On a recent trip through Lexington, I had a nice visit with Kendall (Kenny) Strickland, whose Instagram account, @kenny_fromtheblock, I’ve followed for several years.
Kenny owns Strickland Pride Produce and can be found most days just down the street from the Oglethorpe County courthouse, selling seasonal vegetables and fruit, as well as preserves and meat, from his own stock and from producers all over the region. A proud graduate of Florida A&M University, he represents the best and brightest of our young people today, keeping the tradition of truck farming fresh and relevant through social media and online updates, while also managing his own farm property nearby. He’s also an advocate for historically black colleges and universities.
The number of young farmers and African-American farmers has been on the decline for decades. The most recent agriculture census counts just over 2800 African-American farmers in Georgia, which indicates an obviously vanishing way of life. To understand this change, consider that in 1934 Liberty County alone had 834 African-American owned farms totaling 33,000 acres.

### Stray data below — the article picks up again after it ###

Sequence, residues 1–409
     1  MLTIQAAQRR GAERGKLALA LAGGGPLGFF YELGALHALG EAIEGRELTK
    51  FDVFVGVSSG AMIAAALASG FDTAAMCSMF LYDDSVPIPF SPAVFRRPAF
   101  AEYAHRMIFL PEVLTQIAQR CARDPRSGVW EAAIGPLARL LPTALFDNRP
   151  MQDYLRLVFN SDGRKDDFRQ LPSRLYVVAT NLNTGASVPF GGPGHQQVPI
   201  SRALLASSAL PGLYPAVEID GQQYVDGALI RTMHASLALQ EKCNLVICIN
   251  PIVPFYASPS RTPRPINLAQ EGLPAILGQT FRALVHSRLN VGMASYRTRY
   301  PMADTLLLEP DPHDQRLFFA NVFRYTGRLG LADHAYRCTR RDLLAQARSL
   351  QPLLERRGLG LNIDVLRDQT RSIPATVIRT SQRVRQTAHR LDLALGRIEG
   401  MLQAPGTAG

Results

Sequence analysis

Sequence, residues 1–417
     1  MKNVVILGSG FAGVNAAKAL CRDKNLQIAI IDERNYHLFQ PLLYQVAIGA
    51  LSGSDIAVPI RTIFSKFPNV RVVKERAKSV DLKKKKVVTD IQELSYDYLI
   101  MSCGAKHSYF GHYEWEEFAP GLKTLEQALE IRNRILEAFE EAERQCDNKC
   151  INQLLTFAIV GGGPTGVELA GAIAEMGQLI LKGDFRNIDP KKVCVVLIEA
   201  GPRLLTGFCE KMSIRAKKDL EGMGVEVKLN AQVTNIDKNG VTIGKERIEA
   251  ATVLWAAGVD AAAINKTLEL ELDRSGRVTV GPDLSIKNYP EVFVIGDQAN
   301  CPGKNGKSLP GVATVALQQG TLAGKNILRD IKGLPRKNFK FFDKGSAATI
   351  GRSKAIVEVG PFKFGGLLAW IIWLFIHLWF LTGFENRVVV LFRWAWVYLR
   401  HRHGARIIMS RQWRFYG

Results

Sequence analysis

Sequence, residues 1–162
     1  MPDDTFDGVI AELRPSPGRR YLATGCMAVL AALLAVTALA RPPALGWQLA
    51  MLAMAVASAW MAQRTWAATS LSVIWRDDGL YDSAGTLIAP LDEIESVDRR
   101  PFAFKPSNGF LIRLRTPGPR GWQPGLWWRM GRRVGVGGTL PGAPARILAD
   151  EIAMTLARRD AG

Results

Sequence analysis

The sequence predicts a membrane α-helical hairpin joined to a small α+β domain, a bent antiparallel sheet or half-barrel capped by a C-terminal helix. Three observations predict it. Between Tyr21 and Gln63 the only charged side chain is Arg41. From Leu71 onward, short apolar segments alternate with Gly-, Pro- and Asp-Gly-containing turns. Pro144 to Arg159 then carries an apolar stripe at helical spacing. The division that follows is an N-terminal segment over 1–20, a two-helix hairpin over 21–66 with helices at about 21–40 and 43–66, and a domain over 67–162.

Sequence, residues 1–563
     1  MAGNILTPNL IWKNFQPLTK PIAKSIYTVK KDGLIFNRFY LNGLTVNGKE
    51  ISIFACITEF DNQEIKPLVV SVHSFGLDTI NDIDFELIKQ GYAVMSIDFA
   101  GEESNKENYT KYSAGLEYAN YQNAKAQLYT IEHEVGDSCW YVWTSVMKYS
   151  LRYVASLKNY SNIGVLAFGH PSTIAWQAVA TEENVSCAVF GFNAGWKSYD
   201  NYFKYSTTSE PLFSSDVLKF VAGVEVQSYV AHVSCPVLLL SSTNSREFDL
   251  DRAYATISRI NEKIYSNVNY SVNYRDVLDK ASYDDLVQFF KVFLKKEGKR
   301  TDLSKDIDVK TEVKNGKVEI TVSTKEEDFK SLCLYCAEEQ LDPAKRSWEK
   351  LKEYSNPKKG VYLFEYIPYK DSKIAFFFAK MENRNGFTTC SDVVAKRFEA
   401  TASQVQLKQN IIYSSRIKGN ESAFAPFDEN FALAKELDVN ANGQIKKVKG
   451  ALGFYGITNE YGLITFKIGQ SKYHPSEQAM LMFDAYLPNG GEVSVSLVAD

A business like Strickland Pride does more than provide local and regional produce. It fosters a sense of community in a small downtown and gives people a reason to be there.
A sign out front lets customers know what products are available at any given time.
Kenny’s enthusiasm for this hard work is really inspiring and he seems to never slow down.
He’s just finished a “melon run” to South Georgia and should have plenty of watermelons and cantaloupes available, just in time for Independence Day.
Stop by and see him when in Lexington.
He might even have some of that good Hughes’ Sorghum Syrup from Young Harris.
He’s a really nice guy and his selection will not disappoint.